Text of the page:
1      1         0 OUTLINE_LEAF(@"SEL$1")
               1      1         0 ALL_ROWS
               1      1         0 OPT_PARAM('optimizer_dynamic_sampling' 0)
               1      1         0 DB_VERSION('11.2.0.2')
               1      1         0 OPTIMIZER_FEATURES_ENABLE('11.2.0.2')
               1      1         0 IGNORE_OPTIM_EMBEDDED_HINTS

C2             1      1         1 INDEX_RS_ASC(@"SEL$1_2" "T"@"SEL$1_2" ("T"."A" "T"."B"))
               1      1         1 INDEX_RS_ASC(@"SEL$1_1" "T"@"SEL$1" ("T"."B" "T"."A"))
               1      1         0 OUTLINE(@"SEL$1")
               1      1         0 OUTLINE_LEAF(@"SEL$1_2")
               1      1         0 USE_CONCAT(@"SEL$1" 8 OR_PREDICATES(1))
               1      1         0 OUTLINE_LEAF(@"SEL$1_1")
               1      1         0 OUTLINE_LEAF(@"SEL$1")
               1      1         0 ALL_ROWS
               1      1         0 OPT_PARAM('optimizer_dynamic_sampling' 0)
               1      1         0 DB_VERSION('11.2.0.2')
               1      1         0 OPTIMIZER_FEATURES_ENABLE('11.2.0.2')
               1      1         0 IGNORE_OPTIM_EMBEDDED_HINTS

C3             1      1         1 INDEX_RS_ASC(@"SEL$1_2" "T"@"SEL$1_2" ("T"."A" "T"."B"))
               1      1         1 INDEX_RS_ASC(@"SEL$1_1" "T"@"SEL$1" ("T"."B" "T"."A"))
               1      1         0 OUTLINE(@"SEL$1")
               1      1         0 OUTLINE_LEAF(@"SEL$1_2")
               1      1         0 USE_CONCAT(@"SEL$1" 8 OR_PREDICATES(1))
               1      1         0 OUTLINE_LEAF(@"SEL$1_1")
               1      1         0 OUTLINE_LEAF(@"SEL$1")
               1      1         0 ALL_ROWS
               1      1         0 OPT_PARAM('optimizer_dynamic_sampling' 0)
               1      1         0 DB_VERSION('11.2.0.2')
               1      1         0 OPTIMIZER_FEATURES_ENABLE('11.2.0.2')
               1      1         0 IGNORE_OPTIM_EMBEDDED_HINTS

Or, I could have queried from OUTLN.OL$HINTS
 
SET LINES 110 PAGES 999
BREAK ON ol_name SKIP 1
SELECT ol_name,hint#,category,hint_type,hint_text
,stage#,node#,table_name,table_tin,table_pos
,ref_id,user_table_name,cost,cardinality,bytes
,hint_textoff,hint_textlen
FROM outln.ol$hints
WHERE category IN('C1','C2')
ORDER BY 1,2,3,4,5
/

OL_NAME    HINT# CATEGORY  HINT_TYPE HINT_TEXT                                                    STAGE# NODE#
---------- ----- -------- ---------- ------------------------------------------------------------ ------ -----
TABLE_NAME  TABLE_TIN  TABLE_POS     REF_ID USER_TABLE       COST CARDINALITY      BYTES HINT_TEXTOFF HINT_TEXTLEN
---------- ---------- ---------- ---------- ---------- ---------- ----------- ---------- ------------ ------------
C1             1 C1                2 FULL(@"SEL$1" "T"@"SEL$1")                                        1     1
T                   1          1          0 SYSADM.T   22.1083368           2         86           15            1

               2 C1             1011 OUTLINE_LEAF(@"SEL$1")                                            1     1
                    0          0          0                     0           0          0            0        0

               3 C1             1013 ALL_ROWS                                                          1     1
                    0          0          0                     0           0          0            0        0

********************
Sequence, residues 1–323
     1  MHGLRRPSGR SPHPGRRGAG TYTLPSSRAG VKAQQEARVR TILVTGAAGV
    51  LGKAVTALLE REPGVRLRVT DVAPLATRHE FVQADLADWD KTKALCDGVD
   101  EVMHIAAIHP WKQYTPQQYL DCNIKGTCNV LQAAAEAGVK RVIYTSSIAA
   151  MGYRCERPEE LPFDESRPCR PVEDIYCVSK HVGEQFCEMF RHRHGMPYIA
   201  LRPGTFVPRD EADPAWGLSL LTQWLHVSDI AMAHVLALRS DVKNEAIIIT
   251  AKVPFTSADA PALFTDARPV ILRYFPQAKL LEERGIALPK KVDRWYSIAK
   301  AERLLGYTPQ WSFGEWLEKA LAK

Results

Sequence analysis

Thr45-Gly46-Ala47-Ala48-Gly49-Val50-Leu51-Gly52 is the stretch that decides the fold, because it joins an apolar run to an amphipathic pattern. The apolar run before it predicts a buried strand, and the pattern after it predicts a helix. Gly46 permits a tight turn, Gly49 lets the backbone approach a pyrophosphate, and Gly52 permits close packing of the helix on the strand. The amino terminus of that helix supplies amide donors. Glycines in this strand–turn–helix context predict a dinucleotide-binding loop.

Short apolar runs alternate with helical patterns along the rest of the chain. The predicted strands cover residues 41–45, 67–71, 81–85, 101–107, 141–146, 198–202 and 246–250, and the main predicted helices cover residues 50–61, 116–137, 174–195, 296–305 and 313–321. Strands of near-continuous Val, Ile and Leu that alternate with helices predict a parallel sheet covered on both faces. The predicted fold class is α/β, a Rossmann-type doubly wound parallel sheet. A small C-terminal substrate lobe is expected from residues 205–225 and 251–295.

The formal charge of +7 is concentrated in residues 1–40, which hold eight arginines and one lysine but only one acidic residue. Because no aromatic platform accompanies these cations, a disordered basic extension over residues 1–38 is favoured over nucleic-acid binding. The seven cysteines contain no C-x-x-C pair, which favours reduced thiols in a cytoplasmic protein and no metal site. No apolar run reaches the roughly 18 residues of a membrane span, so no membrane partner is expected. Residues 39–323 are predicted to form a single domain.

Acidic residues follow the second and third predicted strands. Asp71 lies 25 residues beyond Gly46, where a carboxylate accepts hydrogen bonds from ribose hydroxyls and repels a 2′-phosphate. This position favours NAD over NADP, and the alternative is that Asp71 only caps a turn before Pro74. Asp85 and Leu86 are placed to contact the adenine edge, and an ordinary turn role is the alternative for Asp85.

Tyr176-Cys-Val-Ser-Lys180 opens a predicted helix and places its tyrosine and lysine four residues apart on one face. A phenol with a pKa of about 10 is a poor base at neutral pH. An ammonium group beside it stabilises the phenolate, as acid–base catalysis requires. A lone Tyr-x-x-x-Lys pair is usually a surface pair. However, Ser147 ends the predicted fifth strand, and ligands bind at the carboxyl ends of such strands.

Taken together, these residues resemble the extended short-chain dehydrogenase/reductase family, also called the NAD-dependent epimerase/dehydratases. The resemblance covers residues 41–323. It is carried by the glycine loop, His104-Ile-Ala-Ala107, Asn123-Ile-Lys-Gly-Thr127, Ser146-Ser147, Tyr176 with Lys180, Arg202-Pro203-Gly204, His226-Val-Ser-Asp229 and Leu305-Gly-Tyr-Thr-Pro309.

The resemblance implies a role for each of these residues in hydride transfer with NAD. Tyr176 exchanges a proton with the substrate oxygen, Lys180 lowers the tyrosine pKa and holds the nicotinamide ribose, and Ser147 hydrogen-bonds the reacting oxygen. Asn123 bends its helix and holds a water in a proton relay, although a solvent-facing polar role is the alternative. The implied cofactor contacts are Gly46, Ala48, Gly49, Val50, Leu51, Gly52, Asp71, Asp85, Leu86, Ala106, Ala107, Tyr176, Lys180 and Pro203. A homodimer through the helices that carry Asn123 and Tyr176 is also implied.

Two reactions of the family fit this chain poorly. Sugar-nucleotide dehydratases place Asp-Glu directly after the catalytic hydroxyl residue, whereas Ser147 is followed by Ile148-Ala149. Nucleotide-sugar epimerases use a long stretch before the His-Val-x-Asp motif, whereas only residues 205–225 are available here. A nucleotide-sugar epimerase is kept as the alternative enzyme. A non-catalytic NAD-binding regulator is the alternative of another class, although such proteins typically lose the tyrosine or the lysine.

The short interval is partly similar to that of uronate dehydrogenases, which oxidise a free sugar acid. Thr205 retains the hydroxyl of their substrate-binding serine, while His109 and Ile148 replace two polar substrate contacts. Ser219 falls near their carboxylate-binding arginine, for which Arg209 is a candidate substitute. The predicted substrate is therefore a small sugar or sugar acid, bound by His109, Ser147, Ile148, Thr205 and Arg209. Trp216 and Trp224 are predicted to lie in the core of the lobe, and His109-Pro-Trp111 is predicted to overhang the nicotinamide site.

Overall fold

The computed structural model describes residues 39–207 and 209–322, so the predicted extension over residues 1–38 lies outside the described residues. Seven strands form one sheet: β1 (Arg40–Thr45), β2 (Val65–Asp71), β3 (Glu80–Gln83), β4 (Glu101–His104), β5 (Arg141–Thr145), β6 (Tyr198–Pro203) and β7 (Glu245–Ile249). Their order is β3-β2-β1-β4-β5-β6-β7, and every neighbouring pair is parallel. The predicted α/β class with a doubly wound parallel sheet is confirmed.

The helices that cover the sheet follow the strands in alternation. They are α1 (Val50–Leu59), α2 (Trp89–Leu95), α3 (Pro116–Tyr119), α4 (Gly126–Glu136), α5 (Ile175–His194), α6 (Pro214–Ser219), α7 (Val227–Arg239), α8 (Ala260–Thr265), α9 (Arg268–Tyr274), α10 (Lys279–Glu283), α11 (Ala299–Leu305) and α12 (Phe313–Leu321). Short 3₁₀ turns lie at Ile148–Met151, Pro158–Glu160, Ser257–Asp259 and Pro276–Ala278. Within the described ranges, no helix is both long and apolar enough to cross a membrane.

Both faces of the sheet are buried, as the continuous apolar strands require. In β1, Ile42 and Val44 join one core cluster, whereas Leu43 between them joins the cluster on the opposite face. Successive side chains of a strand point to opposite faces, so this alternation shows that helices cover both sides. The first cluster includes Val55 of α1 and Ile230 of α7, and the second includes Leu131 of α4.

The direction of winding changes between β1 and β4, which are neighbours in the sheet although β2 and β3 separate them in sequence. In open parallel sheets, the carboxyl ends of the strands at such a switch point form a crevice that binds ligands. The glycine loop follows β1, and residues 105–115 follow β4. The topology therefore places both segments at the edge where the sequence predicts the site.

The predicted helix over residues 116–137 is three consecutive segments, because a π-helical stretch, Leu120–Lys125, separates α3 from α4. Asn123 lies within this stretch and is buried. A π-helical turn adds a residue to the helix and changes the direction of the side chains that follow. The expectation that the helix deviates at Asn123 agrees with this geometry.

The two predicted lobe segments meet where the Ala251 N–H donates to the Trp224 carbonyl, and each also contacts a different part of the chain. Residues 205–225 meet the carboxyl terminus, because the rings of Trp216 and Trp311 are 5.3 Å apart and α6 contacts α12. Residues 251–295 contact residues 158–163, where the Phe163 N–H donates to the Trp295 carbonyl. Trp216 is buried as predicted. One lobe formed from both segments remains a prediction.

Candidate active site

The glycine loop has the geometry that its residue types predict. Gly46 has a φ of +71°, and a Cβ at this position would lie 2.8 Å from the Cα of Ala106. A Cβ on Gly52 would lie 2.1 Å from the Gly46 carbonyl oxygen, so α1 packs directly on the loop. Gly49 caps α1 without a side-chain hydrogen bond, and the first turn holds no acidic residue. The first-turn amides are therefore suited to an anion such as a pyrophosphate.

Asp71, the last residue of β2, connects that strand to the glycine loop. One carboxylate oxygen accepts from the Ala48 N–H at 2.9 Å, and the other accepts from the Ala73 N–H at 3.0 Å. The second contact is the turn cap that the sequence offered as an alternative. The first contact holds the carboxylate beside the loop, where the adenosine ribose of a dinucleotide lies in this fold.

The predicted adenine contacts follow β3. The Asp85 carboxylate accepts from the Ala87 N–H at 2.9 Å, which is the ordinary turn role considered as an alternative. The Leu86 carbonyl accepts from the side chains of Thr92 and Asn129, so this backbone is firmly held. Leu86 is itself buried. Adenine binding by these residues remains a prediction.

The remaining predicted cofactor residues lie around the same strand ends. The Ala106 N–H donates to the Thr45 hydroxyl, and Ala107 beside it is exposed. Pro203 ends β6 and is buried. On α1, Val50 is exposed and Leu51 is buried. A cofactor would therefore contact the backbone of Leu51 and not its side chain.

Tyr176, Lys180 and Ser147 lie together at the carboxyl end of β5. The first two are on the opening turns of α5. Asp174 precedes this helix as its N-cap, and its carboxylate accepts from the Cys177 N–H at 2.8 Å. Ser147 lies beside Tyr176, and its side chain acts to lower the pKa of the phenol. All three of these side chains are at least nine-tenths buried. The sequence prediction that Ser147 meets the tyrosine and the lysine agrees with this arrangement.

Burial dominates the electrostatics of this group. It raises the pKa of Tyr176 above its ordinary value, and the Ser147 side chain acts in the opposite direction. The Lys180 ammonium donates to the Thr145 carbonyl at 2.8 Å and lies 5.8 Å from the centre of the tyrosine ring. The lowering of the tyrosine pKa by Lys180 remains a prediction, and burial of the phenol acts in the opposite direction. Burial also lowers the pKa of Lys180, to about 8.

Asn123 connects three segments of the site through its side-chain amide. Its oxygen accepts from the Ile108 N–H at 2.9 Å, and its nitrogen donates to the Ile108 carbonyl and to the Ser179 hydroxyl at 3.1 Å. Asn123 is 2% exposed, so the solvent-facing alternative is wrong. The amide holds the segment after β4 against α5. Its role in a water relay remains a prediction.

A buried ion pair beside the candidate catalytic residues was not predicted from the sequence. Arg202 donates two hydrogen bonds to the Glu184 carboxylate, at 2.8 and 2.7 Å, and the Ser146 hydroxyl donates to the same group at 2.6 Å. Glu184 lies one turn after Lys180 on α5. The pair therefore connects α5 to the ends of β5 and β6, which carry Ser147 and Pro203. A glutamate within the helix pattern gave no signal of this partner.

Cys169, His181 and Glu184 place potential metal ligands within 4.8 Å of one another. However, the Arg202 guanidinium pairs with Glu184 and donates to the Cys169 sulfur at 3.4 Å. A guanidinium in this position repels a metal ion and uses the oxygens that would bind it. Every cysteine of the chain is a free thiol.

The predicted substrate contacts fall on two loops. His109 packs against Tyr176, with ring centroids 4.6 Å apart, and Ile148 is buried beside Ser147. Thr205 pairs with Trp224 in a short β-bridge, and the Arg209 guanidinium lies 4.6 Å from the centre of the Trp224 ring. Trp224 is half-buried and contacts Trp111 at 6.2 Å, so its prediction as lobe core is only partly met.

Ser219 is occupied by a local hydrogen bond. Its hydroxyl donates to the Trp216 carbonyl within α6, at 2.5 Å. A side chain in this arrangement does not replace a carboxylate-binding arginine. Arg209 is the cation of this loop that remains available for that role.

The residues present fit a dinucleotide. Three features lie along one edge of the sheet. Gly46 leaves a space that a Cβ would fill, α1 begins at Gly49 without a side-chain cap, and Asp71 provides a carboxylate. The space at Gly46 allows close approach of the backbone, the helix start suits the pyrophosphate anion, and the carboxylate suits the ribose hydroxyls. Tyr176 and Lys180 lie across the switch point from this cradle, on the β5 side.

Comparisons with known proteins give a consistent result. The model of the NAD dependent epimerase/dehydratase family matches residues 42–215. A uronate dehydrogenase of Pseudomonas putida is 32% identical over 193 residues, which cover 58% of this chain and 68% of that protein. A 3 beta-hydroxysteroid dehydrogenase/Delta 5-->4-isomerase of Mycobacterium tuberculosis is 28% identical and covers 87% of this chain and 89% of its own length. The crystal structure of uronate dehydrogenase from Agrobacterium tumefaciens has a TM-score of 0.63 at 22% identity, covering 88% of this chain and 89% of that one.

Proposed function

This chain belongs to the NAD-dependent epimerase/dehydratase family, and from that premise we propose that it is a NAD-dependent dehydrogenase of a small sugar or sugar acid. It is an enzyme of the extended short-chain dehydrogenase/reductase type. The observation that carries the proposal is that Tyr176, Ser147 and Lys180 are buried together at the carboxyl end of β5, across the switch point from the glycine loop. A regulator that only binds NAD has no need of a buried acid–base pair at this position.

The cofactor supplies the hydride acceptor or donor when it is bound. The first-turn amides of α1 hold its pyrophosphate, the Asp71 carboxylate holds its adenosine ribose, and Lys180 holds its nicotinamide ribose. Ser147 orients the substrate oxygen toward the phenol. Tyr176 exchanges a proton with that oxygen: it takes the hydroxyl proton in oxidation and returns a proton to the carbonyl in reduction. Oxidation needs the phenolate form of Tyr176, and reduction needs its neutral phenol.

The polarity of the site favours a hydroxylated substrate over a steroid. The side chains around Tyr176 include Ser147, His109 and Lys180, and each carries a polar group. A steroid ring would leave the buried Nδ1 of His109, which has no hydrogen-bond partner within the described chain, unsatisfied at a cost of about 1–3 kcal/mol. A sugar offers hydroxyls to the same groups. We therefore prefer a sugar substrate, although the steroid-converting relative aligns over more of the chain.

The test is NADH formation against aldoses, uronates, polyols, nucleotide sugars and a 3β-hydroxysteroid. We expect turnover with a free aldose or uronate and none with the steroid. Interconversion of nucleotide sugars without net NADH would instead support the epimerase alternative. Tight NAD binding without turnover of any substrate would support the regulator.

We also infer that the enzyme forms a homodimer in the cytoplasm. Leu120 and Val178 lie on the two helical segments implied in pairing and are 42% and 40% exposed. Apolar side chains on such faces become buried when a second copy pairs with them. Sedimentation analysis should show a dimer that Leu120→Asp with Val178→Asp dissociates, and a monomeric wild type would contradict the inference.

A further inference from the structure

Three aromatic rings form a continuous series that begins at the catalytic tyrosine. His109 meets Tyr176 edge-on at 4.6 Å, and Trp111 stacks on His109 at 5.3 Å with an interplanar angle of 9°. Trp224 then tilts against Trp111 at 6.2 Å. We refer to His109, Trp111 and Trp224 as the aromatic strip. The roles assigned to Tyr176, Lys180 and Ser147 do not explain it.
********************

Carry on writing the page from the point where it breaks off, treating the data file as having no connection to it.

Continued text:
4 C1             1012 OPT_PARAM('optimizer_dynamic_sampling' 0)                         1     1
                    0          0          0                     0           0          0            0        0

               5 C1               54 DB_VERSION('11.2.0.2')                                            1     1
                    0          0          0                     0           0          0            0        0

               6 C1             1009 OPTIMIZER_FEATURES_ENABLE('11.2.0.2')                             1     1
                    0          0          0                     0           0          0            0        0

               7 C1             1008 IGNORE_OPTIM_EMBEDDED_HINTS                                       1     1
                    0          0          0                     0           0          0            0        0

C2             1 C2               51 INDEX_RS_ASC(@"SEL$1_2" "T"@"SEL$1_2" ("T"."A" "T"."B"))          1     1
T                   1          1          0 SYSADM.T   3.00073364           1         43           15            1

               2 C2               51 INDEX_RS_ASC(@"SEL$1_1" "T"@"SEL$1" ("T"."B" "T"."A"))            1     1
                    1          1          0 SYSADM.T   3.00073196           1         43           15            1

               3 C2             1010 OUTLINE(@"SEL$1")                                                 1     1
                    0          0          0                     0           0          0            0        0

               4 C2             1011 OUTLINE_LEAF(@"SEL$1_2")                                          1     1
                    0          0          0                     0           0          0            0        0

               5 C2               38 USE_CONCAT(@"SEL$1" 8 OR_PREDICATES(1))                           1     1
                    0          0          0                     0           0          0            0        0

               6 C2             1011 OUTLINE_LEAF(@"SEL$1_1")                                          1     1
                    0          0          0                     0           0          0            0        0